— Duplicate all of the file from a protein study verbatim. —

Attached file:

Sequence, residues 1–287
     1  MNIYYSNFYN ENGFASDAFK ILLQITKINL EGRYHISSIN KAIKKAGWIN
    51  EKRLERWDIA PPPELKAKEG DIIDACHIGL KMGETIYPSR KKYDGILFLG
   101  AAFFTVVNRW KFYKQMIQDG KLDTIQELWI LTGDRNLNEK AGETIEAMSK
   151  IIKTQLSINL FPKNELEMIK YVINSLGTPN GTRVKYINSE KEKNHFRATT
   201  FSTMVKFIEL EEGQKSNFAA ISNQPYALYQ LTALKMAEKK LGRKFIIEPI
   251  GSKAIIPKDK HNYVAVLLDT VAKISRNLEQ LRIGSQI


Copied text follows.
Sequence, residues 1–287
     1  MNIYYSNFYN ENGFASDAFK ILLQITKINL EGRYHISSIN KAIKKAGWIN
    51  EKRLERWDIA PPPELKAKEG DIIDACHIGL KMGETIYPSR KKYDGILFLG
   101  AAFFTVVNRW KFYKQMIQDG KLDTIQELWI LTGDRNLNEK AGETIEAMSK
   151  IIKTQLSINL FPKNELEMIK YVINSLGTPN GTRVKYINSE KEKNHFRATT
   201  FSTMVKFIEL EEGQKSNFAA ISNQPYALYQ LTALKMAEKK LGRKFIIEPI
   251  GSKAIIPKDK HNYVAVLLDT VAKISRNLEQ LRIGSQI